Blood testing is available for residents whose water was contaminated, said state toxicologist Sarah Vose. The state has asked Saint-Gobain to pay for the testing, but the company has not yet responded. The federal Centers for Disease Control has said it would pay for the tests, Schuren said.

However, the results aren’t likely to predict health effects, Vose said. It takes two to four years to eliminate half the PFOA in the human body at any time, Vose said, and the chemical doesn’t metabolize in humans.

The pollutant is found to have contaminated water throughout the United States, and North Bennington wells are showing concentrations she described as “in a range that’s pretty high, compared to what’s seen in other parts of the country.”

“It is a significant contamination of groundwater,” Vose said.

Lawmakers say they’re already contemplating legislation in response to the incident.

“Without a doubt, this is a big, top priority for me,” said Sen. Brian Campion, D-Bennington. He said time remains in this year’s legislative session to propose and adopt laws that might help collect data on toxins around the state.

“Let’s find out what else has been used,” he said. “Right now we’re testing for PFOA, but what else is out there that has been used?”

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Campion said he will be meeting with officials at the Agency of Natural Resources to seek suggestions for a meaningful legislative response.

The state set an advisory limit for PFOA in drinking water — 20 parts per trillion — in response to the Chemfab contamination, Schuren said. No federal regulatory limits exist for the chemical, although the EPA advises against exposure to water containing PFOA in concentrations greater than 400 parts per trillion.

Around 100,000 other chemicals whose health effects are unknown also lack established federal regulatory limits, Schuren said.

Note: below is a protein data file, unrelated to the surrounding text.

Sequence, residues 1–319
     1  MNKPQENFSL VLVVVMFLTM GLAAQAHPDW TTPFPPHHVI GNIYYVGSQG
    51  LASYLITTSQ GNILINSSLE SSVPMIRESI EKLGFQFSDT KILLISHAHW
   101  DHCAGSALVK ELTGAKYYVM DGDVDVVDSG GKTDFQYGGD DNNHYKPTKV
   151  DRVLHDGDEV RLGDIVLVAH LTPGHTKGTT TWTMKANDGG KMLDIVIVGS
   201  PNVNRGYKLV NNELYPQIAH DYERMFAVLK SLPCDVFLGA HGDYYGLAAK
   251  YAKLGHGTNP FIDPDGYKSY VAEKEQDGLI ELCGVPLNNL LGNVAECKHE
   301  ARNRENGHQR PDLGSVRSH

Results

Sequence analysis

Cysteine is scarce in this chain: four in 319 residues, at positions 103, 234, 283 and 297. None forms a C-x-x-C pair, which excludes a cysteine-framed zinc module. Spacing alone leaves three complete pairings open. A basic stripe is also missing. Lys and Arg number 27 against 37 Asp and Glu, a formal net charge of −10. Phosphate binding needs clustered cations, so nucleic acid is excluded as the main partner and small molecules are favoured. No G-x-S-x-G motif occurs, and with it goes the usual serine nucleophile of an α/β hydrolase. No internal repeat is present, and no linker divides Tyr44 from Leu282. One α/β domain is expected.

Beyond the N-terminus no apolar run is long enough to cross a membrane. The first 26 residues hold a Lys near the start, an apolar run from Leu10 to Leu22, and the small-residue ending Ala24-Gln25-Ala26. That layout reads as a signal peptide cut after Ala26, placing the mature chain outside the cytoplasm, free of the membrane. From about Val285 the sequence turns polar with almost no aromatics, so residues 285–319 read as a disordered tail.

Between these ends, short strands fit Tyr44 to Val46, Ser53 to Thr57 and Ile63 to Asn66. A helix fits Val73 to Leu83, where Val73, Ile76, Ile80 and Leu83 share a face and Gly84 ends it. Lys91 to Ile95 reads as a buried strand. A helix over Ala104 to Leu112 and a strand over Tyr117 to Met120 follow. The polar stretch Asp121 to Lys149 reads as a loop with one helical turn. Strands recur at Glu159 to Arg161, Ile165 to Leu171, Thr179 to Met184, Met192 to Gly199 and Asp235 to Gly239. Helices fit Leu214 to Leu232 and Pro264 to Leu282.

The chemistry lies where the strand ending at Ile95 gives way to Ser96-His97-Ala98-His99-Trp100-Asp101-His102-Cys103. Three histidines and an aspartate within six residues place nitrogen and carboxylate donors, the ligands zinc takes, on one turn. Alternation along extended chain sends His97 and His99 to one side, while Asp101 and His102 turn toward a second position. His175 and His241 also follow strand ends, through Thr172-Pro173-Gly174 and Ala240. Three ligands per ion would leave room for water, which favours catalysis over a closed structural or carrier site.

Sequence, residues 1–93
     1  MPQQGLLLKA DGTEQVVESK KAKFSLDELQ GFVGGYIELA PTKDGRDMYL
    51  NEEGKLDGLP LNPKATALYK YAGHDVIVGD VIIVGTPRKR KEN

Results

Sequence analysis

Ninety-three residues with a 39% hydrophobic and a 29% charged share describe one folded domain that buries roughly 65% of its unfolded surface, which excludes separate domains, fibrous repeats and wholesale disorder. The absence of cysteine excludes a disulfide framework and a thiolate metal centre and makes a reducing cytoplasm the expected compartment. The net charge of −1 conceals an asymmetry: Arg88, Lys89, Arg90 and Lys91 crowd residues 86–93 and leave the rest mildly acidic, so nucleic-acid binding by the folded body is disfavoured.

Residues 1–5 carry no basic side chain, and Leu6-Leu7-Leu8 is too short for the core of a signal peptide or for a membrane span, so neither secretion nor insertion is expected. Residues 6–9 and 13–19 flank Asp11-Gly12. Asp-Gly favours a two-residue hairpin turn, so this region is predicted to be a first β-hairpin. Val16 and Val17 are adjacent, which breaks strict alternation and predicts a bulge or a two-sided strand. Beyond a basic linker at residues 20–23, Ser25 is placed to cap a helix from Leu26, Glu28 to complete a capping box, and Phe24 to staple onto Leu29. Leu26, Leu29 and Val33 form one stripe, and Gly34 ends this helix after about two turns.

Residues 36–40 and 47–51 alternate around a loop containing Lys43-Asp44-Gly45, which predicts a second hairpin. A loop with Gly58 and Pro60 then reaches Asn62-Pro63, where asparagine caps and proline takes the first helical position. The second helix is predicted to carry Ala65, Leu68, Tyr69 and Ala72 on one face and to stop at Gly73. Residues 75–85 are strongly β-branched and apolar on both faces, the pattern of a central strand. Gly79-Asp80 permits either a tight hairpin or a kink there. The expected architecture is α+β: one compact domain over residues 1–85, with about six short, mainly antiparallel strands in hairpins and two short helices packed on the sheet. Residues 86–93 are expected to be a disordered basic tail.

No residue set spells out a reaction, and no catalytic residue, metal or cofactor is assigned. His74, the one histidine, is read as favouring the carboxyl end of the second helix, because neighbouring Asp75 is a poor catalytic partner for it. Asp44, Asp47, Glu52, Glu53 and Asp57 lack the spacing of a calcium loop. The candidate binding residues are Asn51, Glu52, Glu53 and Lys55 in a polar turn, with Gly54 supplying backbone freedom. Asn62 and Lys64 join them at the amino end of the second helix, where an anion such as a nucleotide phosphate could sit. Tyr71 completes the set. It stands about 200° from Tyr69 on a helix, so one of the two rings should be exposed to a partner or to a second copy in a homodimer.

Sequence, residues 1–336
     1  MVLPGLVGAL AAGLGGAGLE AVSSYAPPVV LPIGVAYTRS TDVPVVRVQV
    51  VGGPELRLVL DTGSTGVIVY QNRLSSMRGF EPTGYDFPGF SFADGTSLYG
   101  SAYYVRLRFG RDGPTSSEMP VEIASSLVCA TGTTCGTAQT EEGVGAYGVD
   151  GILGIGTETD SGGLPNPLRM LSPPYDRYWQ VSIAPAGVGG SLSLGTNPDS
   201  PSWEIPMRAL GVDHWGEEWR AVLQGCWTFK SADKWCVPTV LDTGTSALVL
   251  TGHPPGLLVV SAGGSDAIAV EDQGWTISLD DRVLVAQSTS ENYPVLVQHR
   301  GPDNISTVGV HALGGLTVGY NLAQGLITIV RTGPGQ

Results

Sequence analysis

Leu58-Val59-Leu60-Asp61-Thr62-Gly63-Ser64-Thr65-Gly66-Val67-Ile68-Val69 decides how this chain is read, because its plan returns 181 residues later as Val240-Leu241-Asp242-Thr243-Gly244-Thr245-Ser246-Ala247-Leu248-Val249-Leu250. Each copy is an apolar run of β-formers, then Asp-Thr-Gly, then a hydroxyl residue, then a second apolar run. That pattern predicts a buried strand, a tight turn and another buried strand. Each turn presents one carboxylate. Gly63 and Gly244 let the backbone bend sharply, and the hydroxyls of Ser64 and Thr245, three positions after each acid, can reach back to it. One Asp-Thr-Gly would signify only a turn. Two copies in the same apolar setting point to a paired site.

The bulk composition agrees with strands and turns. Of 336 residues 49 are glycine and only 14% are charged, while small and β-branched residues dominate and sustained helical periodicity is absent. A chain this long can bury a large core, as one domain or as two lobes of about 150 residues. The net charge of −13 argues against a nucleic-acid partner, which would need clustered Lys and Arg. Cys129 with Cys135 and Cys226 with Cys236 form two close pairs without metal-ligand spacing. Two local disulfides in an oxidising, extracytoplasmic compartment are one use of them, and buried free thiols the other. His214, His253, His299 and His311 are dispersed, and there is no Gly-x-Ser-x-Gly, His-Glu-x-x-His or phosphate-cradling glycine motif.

Health advocates say this represents a policy failure.

“The way our system works, is … you can keep using chemicals until they’re proven to be bad,” said Shaina Kasper, a community organizer at the Toxics Action Center’s Montpelier office. “It puts that burden on people who don’t even know they’re being exposed.”

The DEC will hold a public meeting Wednesday at 6 p.m. at Bennington College where full results of the well testing will be presented, along with a course of action in response, Schuren said. The state may expand the range of testing in North Bennington in response to further test results, she said.

Correction, 9:40 a.m., March 16, 2016: Alyssa Schuren’s name was misspelled in an earlier version of this story. Also incorrect was the statement that Saint-Gobain would pay for blood testing for residents. The company has yet to respond to the state’s request.

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Mike Polhamus

About Mike

Mike Polhamus wrote about energy and the environment for VTDigger. He formerly covered Teton County and the state of Wyoming for the Jackson Hole News & Guide, in Jackson, Wyoming. Polhamus studied at Southwestern Oregon Community College, University of Oxford and Sarah Lawrence College. His research has been commissioned on a variety of topics such as malnutrition and HIV, economic development, and Plato’s Phaedo. Polhamus hails originally from the state of Oregon. He now lives in Montreal.